- Furnivall does not address the diverse and powerful nationalist movements and their visions for an independent, anti-British Burmese nation.
- Colonial Burma was not governed by liberalism, but by local indigenous forms of administration and models from other British colonies. (Engehart)
- False dichotomy of liberalism/change and tradition/static (Englehart)
- Liberalism was not a coherent political force and ideology (until 1840s in England)
- The pre-colonial Burmese economy was not simply localized and based on barter. Rather more evidence has shown that the thet-kayit (moneylending) during the late Kon-baung is evidence of a monetized commercial economy. Thus, Furnivall exaggerates the dramatic changes of the ‘plural society’ wrought by free trade,domestic markets, and the global economy.
- Furnivall oversimplifies and romanticizes the indirect colonial and dual systems of rule in the Dutch East Indies.
In contrast, Jean Gelmann Taylor examines the contacts between Europeans and Asians and the cultural and social transformations that developed due to these contacts. In The Social World of Batavia: European and Eurasians in Dutch Asia (1983, 2009), Taylor examines the development of a uniquely hybrid community of Mestizo or Eurasians. Taylor focuses on the importance of colonial elites, particularly the Javanese mother of the children in wealthy Dutch/Eurasian households. She argues that in the early VOC period (17th and 18th centuries) descent was traced through locally born women of mixed Asia/European ancestry and Dutch males forged alliances for positions of power. The second half of the 19th century after the Napoloenic Wars and british interregnnum (1811-1816), marks the beginning of a different attitude towards European and Eurasian identity. With the increase of European women migrants and European immigrants attempted to maintain their identity and connection to Europe. Furthermore, the formalization of the Dutch colonial state ethnic policies, witnessed the demarcation of ethnic, cultural and political difference between Asian and European.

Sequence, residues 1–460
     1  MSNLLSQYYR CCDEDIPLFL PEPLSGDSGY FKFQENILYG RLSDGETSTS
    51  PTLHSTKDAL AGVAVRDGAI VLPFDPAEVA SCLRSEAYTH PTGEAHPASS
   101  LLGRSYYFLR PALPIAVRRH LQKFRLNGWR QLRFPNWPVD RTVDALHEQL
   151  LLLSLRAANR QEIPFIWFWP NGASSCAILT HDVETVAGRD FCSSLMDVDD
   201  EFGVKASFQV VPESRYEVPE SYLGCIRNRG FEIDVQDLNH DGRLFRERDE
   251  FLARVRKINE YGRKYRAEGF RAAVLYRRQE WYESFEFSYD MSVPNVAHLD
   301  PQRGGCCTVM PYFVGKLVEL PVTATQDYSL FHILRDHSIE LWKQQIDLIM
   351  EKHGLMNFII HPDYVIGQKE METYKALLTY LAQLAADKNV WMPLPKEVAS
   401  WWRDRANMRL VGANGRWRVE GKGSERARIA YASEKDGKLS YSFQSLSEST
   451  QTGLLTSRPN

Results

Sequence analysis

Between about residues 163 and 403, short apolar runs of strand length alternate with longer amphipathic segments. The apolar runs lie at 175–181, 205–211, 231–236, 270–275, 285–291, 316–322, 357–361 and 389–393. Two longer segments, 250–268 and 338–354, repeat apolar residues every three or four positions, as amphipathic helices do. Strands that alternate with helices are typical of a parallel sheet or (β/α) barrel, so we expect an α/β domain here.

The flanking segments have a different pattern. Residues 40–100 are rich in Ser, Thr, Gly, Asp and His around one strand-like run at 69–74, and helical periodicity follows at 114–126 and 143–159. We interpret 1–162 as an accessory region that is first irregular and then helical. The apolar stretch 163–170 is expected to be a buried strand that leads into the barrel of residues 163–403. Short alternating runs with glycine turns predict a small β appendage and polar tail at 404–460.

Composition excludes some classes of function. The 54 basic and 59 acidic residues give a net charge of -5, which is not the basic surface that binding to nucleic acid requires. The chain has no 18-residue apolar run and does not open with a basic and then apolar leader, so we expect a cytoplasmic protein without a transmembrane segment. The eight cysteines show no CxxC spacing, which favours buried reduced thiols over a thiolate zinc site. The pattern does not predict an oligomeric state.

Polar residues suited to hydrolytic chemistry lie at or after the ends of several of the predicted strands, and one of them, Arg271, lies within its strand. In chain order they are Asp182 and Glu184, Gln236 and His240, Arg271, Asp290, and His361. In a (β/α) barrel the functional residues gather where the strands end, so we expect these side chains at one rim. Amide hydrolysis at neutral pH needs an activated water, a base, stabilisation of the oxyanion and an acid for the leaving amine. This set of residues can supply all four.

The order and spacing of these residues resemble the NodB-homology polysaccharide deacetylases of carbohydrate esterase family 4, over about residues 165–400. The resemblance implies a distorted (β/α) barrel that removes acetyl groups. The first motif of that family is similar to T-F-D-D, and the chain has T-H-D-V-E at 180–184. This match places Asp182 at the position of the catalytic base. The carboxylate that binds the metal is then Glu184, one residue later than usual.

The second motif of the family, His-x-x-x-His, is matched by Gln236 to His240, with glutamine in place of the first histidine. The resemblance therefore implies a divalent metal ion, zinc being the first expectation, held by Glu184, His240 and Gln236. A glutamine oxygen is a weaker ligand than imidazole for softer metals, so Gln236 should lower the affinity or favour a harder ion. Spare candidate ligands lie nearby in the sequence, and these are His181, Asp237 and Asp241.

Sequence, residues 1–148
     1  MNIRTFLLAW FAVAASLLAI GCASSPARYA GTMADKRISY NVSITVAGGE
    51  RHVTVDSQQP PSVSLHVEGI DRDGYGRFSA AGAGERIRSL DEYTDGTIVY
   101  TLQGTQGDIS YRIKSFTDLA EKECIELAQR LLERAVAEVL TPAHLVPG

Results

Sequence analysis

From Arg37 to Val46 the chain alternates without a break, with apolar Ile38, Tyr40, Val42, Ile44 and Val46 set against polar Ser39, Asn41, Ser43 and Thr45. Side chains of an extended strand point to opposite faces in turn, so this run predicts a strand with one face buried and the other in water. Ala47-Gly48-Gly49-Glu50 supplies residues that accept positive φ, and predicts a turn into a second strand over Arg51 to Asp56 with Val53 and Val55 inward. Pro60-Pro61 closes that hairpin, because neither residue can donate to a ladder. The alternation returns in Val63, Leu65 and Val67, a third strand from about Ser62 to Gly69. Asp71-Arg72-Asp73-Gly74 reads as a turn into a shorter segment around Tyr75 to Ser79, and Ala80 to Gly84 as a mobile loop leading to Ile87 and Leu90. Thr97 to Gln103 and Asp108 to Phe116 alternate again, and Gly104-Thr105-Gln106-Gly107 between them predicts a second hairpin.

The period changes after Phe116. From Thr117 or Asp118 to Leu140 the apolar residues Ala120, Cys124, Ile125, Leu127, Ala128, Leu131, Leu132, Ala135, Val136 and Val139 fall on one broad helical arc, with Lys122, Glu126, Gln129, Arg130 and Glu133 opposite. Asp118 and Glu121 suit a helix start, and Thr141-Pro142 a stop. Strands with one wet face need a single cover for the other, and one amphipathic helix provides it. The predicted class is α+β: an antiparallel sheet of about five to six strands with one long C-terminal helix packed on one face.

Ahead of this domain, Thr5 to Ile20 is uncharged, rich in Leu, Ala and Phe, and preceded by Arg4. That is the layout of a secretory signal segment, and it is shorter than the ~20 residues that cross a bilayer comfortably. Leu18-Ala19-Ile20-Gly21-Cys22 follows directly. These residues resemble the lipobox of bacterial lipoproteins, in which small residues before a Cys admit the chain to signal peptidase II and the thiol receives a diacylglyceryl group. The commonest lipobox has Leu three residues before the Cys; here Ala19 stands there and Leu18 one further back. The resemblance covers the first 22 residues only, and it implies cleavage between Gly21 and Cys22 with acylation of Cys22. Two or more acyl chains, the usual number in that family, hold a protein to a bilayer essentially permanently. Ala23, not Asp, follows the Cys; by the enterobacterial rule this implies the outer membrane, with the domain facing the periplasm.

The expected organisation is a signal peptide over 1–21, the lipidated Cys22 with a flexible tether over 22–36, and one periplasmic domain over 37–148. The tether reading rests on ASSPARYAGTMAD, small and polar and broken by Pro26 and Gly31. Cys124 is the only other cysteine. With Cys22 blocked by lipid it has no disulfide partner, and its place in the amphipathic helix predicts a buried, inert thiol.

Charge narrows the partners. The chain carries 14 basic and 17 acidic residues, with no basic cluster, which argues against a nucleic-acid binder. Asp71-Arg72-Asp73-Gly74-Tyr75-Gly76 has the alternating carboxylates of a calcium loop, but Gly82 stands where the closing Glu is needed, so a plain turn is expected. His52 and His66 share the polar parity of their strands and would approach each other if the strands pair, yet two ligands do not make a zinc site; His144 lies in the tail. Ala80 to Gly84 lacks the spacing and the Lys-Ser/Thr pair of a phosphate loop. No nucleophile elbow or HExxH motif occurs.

2. The periodization of colonialism
Colonialism of SEA is divided into three loose phases: laissez faire, ethical or cultural policies, and national political democracy and social movements.
For British Burma, the laissez faire began from the 1820 Anglo-Burmese wars and British possession of Burma and India to 1870. The ethical cultural period began the 1870’s to 1923. From 1823 to 1948, Burma became a separate crown colony, the Second World War and national movements characterized a period of domestic political movements.